Americans are deeply concerned about the future of our country as we bid farewell to a mostly unloved 2011.
If you are in the mood for mordant humor (and who isn’t after a year like this?), Jed Babbin has just the piece for you over at the American Spectator. Babbin describes 2011 as “the year the wheels fell off.” Babbin notes that the forlorn epoch is noteworthy for, among other transformational innovations, generous, taxpayer-backed loans to green ventures that will be “repaid as soon as hell freezes over.”
Babbin mocks the empty drama of the debt ceiling debate. Congress, Babbin notes, was playing “Russian roulette with an empty pistol”—i.e., Congress boldly set up a brave new system that triggered automatic budget cuts for everything but entitlements, the real root of our fiscal troubles.
But there is a bright spot: Those of us who thought that the country had embarked on the wrong economic path in 2008 are now not alone in believing that we need less government and more private sector job creation.
In a piece entitled "Growth, Not Redistribution," Michael Barone takes note of the shift in the public's attitude. Barone quotes William Galson, one of Washington’s most respected liberal think tank intellectuals:
A 2008 election widely regarded as heralding a shift toward the more government-friendly public sentiment of the New Deal and Great Society eras seems to have yielded just the reverse.
For Galston, that is to be lamented. For me, it is a beacon of hope.
Galston regards the move away from a redistributionist, big government sentiment as an anomaly that needs to be explained, according to Barone. But Barone thinks that the perception of Galston and others who believe that people are likely to turn to big government in hard times is based of a misreading of Franklyn Roosevelt's New Deal of the 1930s.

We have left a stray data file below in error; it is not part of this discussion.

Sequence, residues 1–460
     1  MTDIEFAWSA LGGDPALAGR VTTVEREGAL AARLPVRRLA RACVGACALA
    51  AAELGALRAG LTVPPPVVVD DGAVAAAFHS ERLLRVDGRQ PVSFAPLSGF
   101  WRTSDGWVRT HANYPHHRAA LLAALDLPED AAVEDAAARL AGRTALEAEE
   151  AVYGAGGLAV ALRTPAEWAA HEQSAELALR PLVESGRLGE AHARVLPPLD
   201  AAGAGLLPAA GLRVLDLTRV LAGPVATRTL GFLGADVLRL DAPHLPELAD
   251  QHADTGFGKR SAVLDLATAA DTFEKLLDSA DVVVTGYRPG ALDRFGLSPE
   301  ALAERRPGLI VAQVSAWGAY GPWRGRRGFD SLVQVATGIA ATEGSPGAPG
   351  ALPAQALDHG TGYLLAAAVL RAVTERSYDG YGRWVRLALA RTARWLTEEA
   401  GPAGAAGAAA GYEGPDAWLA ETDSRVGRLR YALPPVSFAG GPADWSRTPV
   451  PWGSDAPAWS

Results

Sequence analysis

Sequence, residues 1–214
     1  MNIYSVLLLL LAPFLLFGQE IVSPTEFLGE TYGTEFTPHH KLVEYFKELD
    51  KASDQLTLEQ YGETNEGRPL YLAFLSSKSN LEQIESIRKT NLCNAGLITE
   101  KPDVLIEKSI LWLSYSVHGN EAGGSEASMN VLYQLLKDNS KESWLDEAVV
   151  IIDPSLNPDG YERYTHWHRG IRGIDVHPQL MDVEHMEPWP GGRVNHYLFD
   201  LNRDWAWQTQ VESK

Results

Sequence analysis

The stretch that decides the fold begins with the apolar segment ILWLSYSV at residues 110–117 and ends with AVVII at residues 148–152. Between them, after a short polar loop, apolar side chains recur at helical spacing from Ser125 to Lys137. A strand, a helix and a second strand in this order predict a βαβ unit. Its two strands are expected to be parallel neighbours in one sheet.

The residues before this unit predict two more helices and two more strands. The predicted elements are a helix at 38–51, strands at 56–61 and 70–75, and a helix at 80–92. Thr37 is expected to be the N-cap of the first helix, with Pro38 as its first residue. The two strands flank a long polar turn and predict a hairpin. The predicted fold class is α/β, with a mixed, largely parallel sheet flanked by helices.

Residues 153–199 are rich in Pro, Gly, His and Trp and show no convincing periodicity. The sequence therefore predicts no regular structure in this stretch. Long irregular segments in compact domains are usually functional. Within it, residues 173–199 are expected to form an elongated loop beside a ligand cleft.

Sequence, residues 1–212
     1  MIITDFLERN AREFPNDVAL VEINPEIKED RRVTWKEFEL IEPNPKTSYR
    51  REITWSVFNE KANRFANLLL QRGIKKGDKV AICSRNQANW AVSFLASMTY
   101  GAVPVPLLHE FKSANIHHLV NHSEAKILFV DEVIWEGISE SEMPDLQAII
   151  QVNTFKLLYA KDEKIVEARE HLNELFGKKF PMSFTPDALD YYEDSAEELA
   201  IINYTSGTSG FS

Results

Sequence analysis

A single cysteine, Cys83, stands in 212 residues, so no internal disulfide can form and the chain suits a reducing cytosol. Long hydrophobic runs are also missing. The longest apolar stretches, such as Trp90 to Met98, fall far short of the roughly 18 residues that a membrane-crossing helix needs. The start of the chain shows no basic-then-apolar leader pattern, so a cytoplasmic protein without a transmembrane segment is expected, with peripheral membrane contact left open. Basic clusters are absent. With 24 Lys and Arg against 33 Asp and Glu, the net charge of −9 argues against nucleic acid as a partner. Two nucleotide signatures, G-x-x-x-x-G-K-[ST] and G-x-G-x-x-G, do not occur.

Barone notes that Roosevelt won big in 1932 and by a slightly bigger margin in 1936. But historians may have misinterpreted these elections:
The New Deal historians attributed these gains to Roosevelt’s economic-redistribution measures: high tax rates on high earners, the pro-union Wagner Act, Social Security.
These laws — the so-called Second New Deal — were passed in 1935. They replaced the different, non-redistributionist policies of the First New Deal that stopped the deflationary downward spiral underway when Roosevelt took office.
The problem with the historians’ claims is that the shifts in the electorate apparent in 1936 also are apparent in the 1934 off-year elections. Democrats won big that year, but compared to 1932, they lost ground in rural areas and small towns and gained much ground in big cities and factory towns.
The 1936 realignment happened in 1934. It could not have been caused by the redistributionist Second New Deal legislation, because that legislation hadn’t been passed before November 1934.
So why should voters be leery of economic redistribution in times of economic distress?
Perhaps because they realize that they stand to gain much more from a vibrantly growing economy than from redistribution of a stagnant economic pie.
A growing economy produces many unanticipated opportunities.
Redistribution edges toward a zero-sum game.
If you want to transfer wealth from one segment of the population to another, you must first produce the wealth.
The creation of wealth is what's been missing in 2011.
So my wishes for you in 2012 are that you’ll be healthy, wealthy, and wise.
The main thing is to never despair.